"Toxic Spending" report investigates industry push for fracking

New technology in Oklahoma is allowing more oil to be released and could reduce America's dependence on foreign oil.
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(CBS News) A new report reveals the chemical industry has spent $375 million since 2005, largely on limiting regulations of gas fracking. The controversial practice lowers the price of natural gas, which is used to build more complicated chemicals, its authors note. Fracking also utilizes chemicals to extract gas out of the ground, so the industry could stand to lose money if uses of such chemicals were restricted.

The study, entitled "Toxic Spending," was released by the nonprofit advocacy group Common Cause. It states that most of the spending went to campaign ads, lobbying, and campaign contributions. For instance, in the current elections, the industry has given $23 million to Super PACs. House Speaker John Boehner received nearly $128,000 from individuals and political action groups connected to chemical firms, many of which are reportedly impacted by fracking. Rep. Fred Upton, chairman of the House Energy and Commerce Committee, took in $80,100 in donations and benefitted from just over $200,000 in advertising. Rep. Gene Green, an influential member of the House subcommittee that handles chemical policy legislation, collected $50,100 and benefited from nearly $331,000 in advertising.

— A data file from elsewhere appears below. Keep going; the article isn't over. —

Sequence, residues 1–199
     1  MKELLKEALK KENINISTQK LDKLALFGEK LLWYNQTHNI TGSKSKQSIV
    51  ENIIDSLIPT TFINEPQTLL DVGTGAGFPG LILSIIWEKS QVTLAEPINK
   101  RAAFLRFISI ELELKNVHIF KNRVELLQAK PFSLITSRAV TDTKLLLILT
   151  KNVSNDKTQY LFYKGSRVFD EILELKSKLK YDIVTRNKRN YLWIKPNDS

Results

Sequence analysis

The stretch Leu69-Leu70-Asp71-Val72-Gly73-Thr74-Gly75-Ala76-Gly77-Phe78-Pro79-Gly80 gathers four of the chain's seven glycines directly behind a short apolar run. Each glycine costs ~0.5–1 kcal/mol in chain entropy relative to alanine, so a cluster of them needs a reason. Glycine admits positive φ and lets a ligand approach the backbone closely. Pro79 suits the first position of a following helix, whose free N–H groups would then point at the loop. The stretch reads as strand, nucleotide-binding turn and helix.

In an email to "CBS This Morning," Anne Kolton, a spokesperson for the American Chemistry Council, an industry trade group, disputed the report. "As one of America's most significant manufacturing industries, we have a significant interest in seeing good policies enacted that will encourage economic growth and job creation including balanced approach to regulation, a strong domestic energy policy and sound tax and trade policies, and we believe it is important to support leaders in Congress who share those priorities," she wrote. "We're proud of our efforts to highlight the good work being done in Washington to grow the economy and create jobs, particularly at a time when so much of the political discussion is negative."

In their report, Common Cause particularly takes issue with the Safe Chemicals Act, sponsored Sen. Frank Lautenberg (D-N.J.). The bill would strengthen the Toxic Substances Control Act, and the Environmental Protection Agency's hand in regulating chemicals. The measure passed out of a senate committee in July, which observers note is the farthest that like-minded legislation has gotten in 36 years. It was not, however, passed by the senate.

James Browning, Common Cause's regional director for state operations and a principal author of the report, says his group hopes to have helped lift the veil on the process. "By following the money, we see how and why the industry has been so successful in blocking attempts to strengthen the Toxic Substances Control Act."